Gov. Gen. David Johnston implored Parliamentarians to be “smart and caring” as he delivered the throne speech to open the 42nd session of Parliament under a new Liberal government.

In the speech delivered in the Senate Friday, the governing Liberals under Prime Minister Justin Trudeau outlined their agenda, starting with a call for Parliamentarians to be “smart, and caring – on a scale as never before.

“The times we live in demand nothing less,” Johnston said. “Canada succeeds in large part because here, diverse perspectives and different opinions are celebrated, not silenced. Parliament shall be no exception.”

Then Johnston turned to the government’s legislative and fiscal priorities, starting with a tax cut for the middle class.

"This is the fair thing to do, and the smart thing to do for Canada's economy," Johnston said.

The speech, which opposition leaders later said was thin on matters related to the economy and domestic security, outlines other priorities too, including introducing a new Canada Child Benefit, “significant” new investments in transit and infrastructure, and working with the provinces and territories to develop a new health accord.

“The Government will undertake these and other initiatives while pursuing a fiscal plan that is responsible, transparent and suited to challenging economic times,” Johnston said.

The throne speech, which lasted approximately 15 minutes, also reaffirmed the Liberals’ promises to reform the electoral system, work with the provinces to put a price on carbon, “legalize, regulate and restrict” access to marijuana, and launch a federal inquiry into missing and murdered aboriginal women.

The Liberals also promised to “renew” Canada’s commitment to “United Nations peacekeeping operations, and will continue to work with its allies in the fight against terrorism.”

The speech did not address another security-related campaign promise, however, to repeal controversial aspects of the anti-terrorism legislation that was brought in by the previous Conservative government.

In a statement, Prime Minister Justin Trudeau said that the agenda was developed by “listening” to Canadians.

“Canadians have told us they want a real and fair chance at success,” Trudeau said, adding “We will restore Canadians’ trust in their public institutions, including the House of Commons and the Senate, by working with greater openness and transparency.”

‘Lack of economic focus’

In the speech, the Liberals said they would create a fiscal plan “that is responsible, transparent and suited to challenging economic times,” but it did not make mention of Trudeau’s vow to run deficits of no more than $10 billion over the next three years.

Conservative interim leader Rona Ambrose told CTV’s Power Play that she was struck by a “lack of economic focus” in the speech.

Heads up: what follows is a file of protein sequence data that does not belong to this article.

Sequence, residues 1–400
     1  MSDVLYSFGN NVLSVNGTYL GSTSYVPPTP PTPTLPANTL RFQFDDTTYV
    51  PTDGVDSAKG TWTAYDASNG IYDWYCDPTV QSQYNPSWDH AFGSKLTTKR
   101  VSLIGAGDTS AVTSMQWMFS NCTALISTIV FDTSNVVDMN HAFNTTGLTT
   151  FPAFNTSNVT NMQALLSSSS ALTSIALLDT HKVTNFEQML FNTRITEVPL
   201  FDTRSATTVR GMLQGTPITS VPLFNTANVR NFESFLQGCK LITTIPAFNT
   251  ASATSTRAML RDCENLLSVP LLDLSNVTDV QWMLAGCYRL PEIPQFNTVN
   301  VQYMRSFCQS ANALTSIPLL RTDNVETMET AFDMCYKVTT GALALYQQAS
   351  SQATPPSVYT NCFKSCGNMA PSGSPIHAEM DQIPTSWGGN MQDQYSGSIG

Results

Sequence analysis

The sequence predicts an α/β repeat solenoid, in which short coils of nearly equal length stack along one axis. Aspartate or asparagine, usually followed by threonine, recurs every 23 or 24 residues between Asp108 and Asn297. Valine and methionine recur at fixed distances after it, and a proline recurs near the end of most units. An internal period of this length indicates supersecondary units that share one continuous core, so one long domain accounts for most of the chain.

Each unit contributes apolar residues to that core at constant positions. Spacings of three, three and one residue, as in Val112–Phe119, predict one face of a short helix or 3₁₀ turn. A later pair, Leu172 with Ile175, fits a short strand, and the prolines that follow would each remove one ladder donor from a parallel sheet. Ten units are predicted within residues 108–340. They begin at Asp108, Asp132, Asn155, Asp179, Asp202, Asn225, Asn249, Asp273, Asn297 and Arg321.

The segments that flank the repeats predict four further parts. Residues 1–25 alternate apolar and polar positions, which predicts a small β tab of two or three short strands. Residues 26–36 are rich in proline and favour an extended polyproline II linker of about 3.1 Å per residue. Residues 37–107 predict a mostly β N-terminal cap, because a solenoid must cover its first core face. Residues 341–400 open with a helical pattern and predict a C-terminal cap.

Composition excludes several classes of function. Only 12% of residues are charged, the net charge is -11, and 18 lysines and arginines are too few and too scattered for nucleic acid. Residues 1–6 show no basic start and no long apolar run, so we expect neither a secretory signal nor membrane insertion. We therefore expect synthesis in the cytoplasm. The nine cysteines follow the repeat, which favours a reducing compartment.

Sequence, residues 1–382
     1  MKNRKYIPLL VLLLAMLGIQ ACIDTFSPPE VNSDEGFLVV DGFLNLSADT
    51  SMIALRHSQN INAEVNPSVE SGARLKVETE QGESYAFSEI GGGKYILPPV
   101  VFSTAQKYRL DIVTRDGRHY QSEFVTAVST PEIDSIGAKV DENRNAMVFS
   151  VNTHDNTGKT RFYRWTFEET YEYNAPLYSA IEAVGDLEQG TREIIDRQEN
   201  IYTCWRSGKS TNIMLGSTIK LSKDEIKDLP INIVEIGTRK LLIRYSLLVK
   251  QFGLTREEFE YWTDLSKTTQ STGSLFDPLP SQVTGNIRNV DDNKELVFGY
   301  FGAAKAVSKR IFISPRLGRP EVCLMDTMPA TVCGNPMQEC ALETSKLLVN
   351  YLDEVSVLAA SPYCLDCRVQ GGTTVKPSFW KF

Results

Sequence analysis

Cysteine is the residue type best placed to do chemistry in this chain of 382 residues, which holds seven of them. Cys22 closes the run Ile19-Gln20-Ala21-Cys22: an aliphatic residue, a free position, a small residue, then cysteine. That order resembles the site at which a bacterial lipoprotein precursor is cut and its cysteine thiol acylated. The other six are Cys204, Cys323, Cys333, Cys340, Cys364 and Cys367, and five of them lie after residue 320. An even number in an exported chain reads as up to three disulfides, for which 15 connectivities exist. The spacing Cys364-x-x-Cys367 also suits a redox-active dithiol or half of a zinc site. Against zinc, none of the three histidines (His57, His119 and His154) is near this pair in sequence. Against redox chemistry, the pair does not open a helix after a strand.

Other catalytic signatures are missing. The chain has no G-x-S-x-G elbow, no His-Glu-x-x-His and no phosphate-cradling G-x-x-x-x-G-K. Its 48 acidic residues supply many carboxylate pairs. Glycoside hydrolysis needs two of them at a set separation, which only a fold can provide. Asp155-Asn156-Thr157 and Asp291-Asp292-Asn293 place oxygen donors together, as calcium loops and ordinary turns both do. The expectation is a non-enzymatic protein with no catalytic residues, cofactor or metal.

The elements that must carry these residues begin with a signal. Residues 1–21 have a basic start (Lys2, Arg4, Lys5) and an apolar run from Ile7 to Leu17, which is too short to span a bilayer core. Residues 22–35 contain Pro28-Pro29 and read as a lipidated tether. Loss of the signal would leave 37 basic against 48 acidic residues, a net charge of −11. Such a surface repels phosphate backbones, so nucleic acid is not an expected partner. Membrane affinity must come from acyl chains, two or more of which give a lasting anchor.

“There is nothing in there as a signal to the private sector about what the plan for the economy is,” Ambrose said, adding there was also no mention of what the government will do to support the faltering energy sector in Western Canada.

“The energy sector just in Alberta has seen 60,000 job losses,” Ambrose said. “If there were 60,000 job losses in southern Ontario right now, it would have been mentioned in this speech from the throne.”

Ambrose said the Liberals also fell short in terms of explaining how the government would address the threat of the Islamic State.

“If they can’t even name the threat, how are they ready to deal with the threat?” she said. “All of our coalition partners step up and enhance their role in the fight against ISIS and Canada is stepping back.”

As a former health minister, Ambrose said she’ll keep an eye on how the government proceeds with legalizing marijuana.

“It’s one thing to decriminalize marijuana, it’s another to legalize it,” she said. “I would still be very concerned about how they would structure regulations that will keep it out of the hands of youth.”

NDP Leader Tom Mulcair lauded the Liberals for announcing they would put an end to “monster” omnibus bills, and “partisan” advertising on the public dime.

“It’s courageous, and I think it’s long overdue,” Mulcair told reporters following the speech.

Speaking on Power Play, Mulcair said the government also came up short in several areas. The speech, Mulcair said, made no mention of earlier promises such as restoring door-to-door mail delivery by Canada Post, and reverting the retirement age back to 65 from 67.

“Mr. Trudeau swore up and down during the campaign that he was going to bring that back from 67 to 65 – a very simple, clear, concrete promise – not a word, so we’re going to have to wait and see if they do anything.”

Mulcair also said that he was “shocked” that there was not a “single reference” to childcare in the throne speech.